It is getting warmer outside but I’ve just started to discover how easy it is to make chicken stock and thus, how easy it is to make soup! OK, it’s not as easy as opening a can and pouring it into a pot onto a stove… but making your own seems to be a bit more satisfying.
When I was younger, my favourite soup was mushroom soup, and after making it my own on Saturday, I do think it is still my favourite! The only thing is, I will only be making it when Hubby is not around as he hates mushrooms and will keep going on and on about the existence of mushroom in the house… like he did when he realized I put mushroom stems in my chicken stock… which he’s been consuming without complaints until now!
Saturday evening, Hubby was out with his camera with his mates, so, Little Bee and I enjoyed a nice pot of mushroom soup… mmmmmmmm….
I found the recipe here and it is undoubtedly YUMMY!
250g white button mushrooms
250g brown button mushrooms
3 cloves garlic
5 sprigs of fresh thyme
1tbsp olive oil
3 bay leaves
1tsp Worcestershire sauce
300ml chicken stock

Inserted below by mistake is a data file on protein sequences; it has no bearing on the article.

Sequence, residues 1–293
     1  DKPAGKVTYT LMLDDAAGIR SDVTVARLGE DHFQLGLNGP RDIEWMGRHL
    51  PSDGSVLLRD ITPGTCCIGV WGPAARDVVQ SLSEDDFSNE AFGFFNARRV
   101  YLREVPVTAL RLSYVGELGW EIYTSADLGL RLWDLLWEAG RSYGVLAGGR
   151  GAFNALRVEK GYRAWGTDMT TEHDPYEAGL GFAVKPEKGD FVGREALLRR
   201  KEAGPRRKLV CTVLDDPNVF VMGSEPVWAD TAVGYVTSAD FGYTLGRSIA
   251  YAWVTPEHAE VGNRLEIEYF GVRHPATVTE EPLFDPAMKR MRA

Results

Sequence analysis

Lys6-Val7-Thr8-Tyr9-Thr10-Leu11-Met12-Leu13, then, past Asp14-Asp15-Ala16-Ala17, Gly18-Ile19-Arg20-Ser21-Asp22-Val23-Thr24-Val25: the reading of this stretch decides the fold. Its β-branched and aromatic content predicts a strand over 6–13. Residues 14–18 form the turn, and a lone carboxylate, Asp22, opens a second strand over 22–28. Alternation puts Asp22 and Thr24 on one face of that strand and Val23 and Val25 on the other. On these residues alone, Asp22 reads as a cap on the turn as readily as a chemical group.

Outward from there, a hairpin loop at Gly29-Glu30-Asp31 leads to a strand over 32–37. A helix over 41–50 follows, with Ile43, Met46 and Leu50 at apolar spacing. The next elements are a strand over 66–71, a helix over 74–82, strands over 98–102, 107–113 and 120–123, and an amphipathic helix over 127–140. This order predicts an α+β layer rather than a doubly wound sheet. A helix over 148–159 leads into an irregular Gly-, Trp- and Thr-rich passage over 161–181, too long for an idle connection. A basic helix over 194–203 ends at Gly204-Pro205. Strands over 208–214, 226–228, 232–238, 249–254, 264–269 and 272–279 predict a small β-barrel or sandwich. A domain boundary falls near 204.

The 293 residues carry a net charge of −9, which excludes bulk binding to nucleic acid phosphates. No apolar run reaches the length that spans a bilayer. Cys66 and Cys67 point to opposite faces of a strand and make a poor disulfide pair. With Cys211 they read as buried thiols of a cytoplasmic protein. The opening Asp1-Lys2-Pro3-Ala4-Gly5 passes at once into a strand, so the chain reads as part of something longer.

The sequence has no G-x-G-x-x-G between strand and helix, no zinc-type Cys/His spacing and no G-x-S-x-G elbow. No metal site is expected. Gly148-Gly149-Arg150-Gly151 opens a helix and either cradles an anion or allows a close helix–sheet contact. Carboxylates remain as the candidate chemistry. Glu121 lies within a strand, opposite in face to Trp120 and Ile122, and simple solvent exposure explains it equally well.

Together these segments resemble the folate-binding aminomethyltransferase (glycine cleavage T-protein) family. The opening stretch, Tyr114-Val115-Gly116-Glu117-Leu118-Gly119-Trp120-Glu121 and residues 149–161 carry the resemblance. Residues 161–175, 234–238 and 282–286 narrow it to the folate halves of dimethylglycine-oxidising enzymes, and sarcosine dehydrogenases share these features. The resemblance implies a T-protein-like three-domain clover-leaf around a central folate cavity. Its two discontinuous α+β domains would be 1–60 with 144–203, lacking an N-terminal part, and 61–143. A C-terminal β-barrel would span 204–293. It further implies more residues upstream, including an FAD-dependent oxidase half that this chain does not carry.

1tbsp flour, dissolved in 1tbsp water
150ml double cream
Dash of nutmeg (which I sometimes forget! But it still tastes YUMMY!)
- Remove the stems from the mushrooms (and keep it aside to make chicken stock) and finely chop them with garlic and thyme.
- Heat olive oil in a sauce pan and add the chopped ingredients, bay leaves and Worcestershire sauce. Cook over medium heat until the moisture from the mushrooms disappears.
- Add chicken stock, stir and bring to boil. Reduce heat and simmer for 10 minutes.
- Add in the diluted flour and stir constantly until the mixture thickens.
- Add double cream and milk and nutmeg and bring to a simmer. Turn off the heat and the soup is ready!!
Little Bee and I had it with bread as I think it’s the best way to have soup… dipping bread in it
Oh! And I didn’t add any salt to my soup as I think there’s enough salt in my chicken stock but obviously you could add salt and freshly ground pepper to taste!
September 14th, 2010
And what goes nicely with rustic bread? Lots…
One of them is leek and potato soup. Easiest soup ever to make!
3 leeks, chopped
3 large potatoes, cut into chunks
2 cubes chicken stock
> Put all the ingredients in a pot, with the water covering the chopped up leeks and potatoes. Bring it to a boil. Reduce the heat and let it simmer until the leeks and potatoes are soft.
> Using a hand blender, blend until the soup is nice and smooth.
That’s it really. Enjoy!